they will be argued "when the motions
are made, which probably will be by
the end of the week.
said that the settled policy of the cabi-
net was to go right on with the work re-
gardless of any action that might be
taken. They would keep within the
legal bounds if possible, but if impossi-
slble, then so much the worse for the
legal bounds. -Another bill praying for
an injunction to restrain the Red River
railway from crossing the lots of farmer
Jenkins was filed to-day at the instance
of that person. lie is a crank who
threatened to shoot* the first
man belonging to the road who
set foot on his property to grade the
line. When the time came the con-
tractors went right to work and when
Jenkins came alone to remonstrate, they
laced him on • a scraper and galloped
bin* off the premises. lie wants a* big
■i-ice for the land ana heavy- damages.
It is stated that" he is paid by the
Canadian Pacific railway to take the
action he has done. The company has
a paid agent employed going about
among the farmers trying to get them
to object to the building of the road and
apply for injunctions. The citizens
near Maries talk of riding him on a rail.
A torchlight procession in honor of
Norquay on his return home is expected
as the people wish to show him they are
at his back in the crisis. The feeling
continues intense, the pdpulace being
ready to resist any act of the Dominion
government tending to interference
with this pet scheme.
It is reported here to-night in railway
circles that Supt. John M. Egan, now of
the St. Paul, Minneapolis ft Manitoba
road, but formerly general superin-
tendent of the Canadian Pacific railway
here, is going to return to the service of
the latter company in the Northwest.
It was always thought his transfer to
the Manitoba road was at the instance
of Van Home, Stevens and Smith for
carrying out their policy. The recent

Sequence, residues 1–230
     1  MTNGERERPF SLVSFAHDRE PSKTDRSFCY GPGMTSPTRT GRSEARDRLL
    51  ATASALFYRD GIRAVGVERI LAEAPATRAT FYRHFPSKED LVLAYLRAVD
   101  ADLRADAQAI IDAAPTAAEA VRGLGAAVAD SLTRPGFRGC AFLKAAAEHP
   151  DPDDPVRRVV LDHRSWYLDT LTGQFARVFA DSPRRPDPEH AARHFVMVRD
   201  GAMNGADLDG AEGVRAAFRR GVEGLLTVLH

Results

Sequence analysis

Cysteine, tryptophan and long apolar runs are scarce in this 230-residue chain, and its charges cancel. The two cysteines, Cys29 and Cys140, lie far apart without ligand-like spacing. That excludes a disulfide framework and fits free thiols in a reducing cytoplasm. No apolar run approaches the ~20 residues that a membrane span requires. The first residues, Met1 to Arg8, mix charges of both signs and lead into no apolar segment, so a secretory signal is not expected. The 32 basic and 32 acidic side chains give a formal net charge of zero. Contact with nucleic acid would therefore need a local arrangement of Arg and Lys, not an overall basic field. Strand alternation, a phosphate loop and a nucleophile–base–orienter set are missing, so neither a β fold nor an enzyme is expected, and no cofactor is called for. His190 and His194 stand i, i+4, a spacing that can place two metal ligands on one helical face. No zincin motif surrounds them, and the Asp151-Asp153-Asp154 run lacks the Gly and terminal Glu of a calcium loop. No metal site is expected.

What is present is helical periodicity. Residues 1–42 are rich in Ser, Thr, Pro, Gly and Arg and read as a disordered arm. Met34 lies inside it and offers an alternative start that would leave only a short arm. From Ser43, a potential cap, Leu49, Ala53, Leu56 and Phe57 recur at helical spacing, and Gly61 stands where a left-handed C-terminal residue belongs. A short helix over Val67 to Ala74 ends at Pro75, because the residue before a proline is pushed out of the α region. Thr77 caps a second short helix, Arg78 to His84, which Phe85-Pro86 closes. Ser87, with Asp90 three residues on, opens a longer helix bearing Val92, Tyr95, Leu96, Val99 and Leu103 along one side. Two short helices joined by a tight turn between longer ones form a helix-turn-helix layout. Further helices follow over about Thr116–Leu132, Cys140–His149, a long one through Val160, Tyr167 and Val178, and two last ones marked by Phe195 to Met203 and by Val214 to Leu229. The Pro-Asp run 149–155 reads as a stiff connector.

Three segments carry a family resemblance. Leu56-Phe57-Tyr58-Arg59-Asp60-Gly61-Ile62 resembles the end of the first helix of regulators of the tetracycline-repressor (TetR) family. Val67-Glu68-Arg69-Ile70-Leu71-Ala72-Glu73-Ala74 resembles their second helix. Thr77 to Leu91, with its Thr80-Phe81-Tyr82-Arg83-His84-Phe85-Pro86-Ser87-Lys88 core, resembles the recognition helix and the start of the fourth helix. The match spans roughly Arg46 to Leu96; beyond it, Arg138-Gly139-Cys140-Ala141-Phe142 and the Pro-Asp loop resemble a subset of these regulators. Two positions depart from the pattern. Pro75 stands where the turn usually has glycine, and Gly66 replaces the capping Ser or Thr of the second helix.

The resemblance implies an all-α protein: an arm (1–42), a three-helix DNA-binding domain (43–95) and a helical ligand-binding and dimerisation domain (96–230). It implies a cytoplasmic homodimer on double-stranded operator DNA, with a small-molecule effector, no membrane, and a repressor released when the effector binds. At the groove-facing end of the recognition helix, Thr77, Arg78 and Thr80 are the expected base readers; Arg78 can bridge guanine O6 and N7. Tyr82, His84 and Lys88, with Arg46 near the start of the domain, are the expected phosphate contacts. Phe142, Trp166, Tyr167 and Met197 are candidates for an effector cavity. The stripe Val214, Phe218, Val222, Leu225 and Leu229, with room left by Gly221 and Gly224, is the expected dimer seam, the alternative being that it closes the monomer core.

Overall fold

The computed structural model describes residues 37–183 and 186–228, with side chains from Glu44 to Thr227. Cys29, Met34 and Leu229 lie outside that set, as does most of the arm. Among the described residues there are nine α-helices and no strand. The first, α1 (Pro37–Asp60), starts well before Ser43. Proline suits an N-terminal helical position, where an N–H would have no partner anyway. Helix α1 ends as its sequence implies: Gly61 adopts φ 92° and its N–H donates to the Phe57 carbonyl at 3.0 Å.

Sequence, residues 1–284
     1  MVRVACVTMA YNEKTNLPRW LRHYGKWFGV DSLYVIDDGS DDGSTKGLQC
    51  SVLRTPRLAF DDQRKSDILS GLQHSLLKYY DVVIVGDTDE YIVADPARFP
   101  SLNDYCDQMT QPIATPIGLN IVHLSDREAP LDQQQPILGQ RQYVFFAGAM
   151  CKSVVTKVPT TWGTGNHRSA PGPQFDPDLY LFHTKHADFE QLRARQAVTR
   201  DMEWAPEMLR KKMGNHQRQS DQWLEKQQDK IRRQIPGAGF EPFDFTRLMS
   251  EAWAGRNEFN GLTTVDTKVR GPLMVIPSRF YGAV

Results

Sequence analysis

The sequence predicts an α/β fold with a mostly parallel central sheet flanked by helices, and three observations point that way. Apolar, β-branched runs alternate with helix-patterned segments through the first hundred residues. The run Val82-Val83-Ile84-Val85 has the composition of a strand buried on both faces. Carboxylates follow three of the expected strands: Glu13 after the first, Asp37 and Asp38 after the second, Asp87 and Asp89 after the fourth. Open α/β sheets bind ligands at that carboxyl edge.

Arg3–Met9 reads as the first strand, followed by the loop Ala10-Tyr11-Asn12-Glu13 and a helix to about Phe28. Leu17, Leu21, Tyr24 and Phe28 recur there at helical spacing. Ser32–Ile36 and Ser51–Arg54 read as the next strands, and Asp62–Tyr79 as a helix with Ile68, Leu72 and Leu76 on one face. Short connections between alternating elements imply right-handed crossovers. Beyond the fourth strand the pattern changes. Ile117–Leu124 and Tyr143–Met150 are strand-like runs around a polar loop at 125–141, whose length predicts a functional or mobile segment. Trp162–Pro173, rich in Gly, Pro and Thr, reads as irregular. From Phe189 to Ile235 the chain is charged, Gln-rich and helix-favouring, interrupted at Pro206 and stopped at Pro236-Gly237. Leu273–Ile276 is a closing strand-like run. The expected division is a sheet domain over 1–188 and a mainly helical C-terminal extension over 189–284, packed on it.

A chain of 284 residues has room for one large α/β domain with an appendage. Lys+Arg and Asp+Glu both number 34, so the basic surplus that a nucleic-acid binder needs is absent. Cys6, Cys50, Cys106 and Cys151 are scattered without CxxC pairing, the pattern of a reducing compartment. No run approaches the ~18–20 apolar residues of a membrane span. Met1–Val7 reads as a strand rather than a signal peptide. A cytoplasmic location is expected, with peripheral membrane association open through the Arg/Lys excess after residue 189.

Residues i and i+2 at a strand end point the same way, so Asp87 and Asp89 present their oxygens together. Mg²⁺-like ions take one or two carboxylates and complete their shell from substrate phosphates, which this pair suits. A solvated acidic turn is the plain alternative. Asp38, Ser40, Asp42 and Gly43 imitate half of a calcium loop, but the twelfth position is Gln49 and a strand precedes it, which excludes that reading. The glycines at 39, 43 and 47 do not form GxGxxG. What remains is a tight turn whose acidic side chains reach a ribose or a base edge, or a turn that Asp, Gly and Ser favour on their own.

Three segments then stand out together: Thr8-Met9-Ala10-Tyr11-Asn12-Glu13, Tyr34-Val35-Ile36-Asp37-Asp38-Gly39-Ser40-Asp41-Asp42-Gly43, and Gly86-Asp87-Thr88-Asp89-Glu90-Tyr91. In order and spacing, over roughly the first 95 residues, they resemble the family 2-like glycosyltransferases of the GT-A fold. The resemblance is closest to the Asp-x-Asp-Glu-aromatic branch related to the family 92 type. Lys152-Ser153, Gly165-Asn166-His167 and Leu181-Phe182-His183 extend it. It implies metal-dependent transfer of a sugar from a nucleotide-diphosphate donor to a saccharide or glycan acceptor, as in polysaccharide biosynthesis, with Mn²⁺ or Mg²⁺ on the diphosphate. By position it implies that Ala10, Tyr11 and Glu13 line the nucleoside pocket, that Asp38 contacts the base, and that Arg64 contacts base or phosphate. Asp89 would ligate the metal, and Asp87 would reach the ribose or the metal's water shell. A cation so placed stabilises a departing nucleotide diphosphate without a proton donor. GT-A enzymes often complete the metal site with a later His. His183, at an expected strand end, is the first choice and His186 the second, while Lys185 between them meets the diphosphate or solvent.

retirement of Stephen and Smith from
the Manitoba road would give color to
the report. Sir Stephen, Sir Smith and
Van Home arrived here this evening
from the Pacific coast. All refused to
discuss the railway situation, but hints
were dropped by them that they were
going to persist in their policy of oppo-
sition to the Red River Valley to the
hitter end.
An Extraordinary Scheme of a
Noted Boston Capitalist.
San Francisco Examiner.
One of the most interesting fights ever
made for the control of a railway is now
going on in New York city, and as it is
over a Pacific transcontinental line, the
longest of any on the continent, much
curiosity and some anxiety is excited
among Pacific coast railway officials as
to the result. It is over the control of
the Northern Pacific that the fight is
being made, and certain points are in-
volved which make the contest of the
liveliest and keenest nature. A few
days since the Examiner published a
dispatch from New York that Elijah
Smith, president of the Oregon
Transcontinental company, had is-
sued circulars to stockbrokers . and
holders of small parcels of Northern Pa-
cific stock, asking their aid in forming a
new directorate and management of the
line. There was nothing startling in
this. Elijah Smith on two occasions
sent out the same kind of circulars. But
tlien the Oregon Railway and Naviga
tion property was not controlled by the
Union Pacific line. The Oregon Trans-
continental company is an Oregon Nav-
igation concern. It has been Smith's
ambition ever since the completion of
the Northern Pacific to be its president,
but the present directors, who have
been connected with the road *in their
present capacity ever since the company
organized, have been very careful to
keep it aloof from the ambitious Boston
capitalist. The story of the latter's
connection with he property dates
back* to the famous times when Henry
Villard came into the financial 'world.
lie organized the Oregon Transeonti-
company to build the Northern
Pacific, the Transcontinental receiving
a certain number of shares of Northern
Pacific stock and a certain amount of
money for the completion of every.
twenty miles. When the Northern Pa-
cific was completed the Oregon Trans
continental owned over 150,000 shares of
Northern Pacific stock. Then came
Villard's failure and decapitation, and
Elijah Smith was made president of the
navigation company, which owned the
Transcontinental, and at Northern Pa
cific meetings he voted the stock con-
trolled by his company. He now wants
to secure the proxies of small holders so
he can vote a majority at the annual
meeting of the Northern Pacific in Sep-
tember. Now the question is, if. Elijah
Smith makes himself president, will the
I'nion Pacific control the Northern Pa-
cific as the controller of the Oregon Rail-
way ami- Navigation company? If it
should the combination would make the
most pwverf nl one of the kind . in the,
world. V . ;) -f ;-":■;
Escape With Ease.. .
■ -AirriiAGE, 111., Aug 24.— : far as
can be ascertained none of the survivors
of the Chatsworth wreck in this county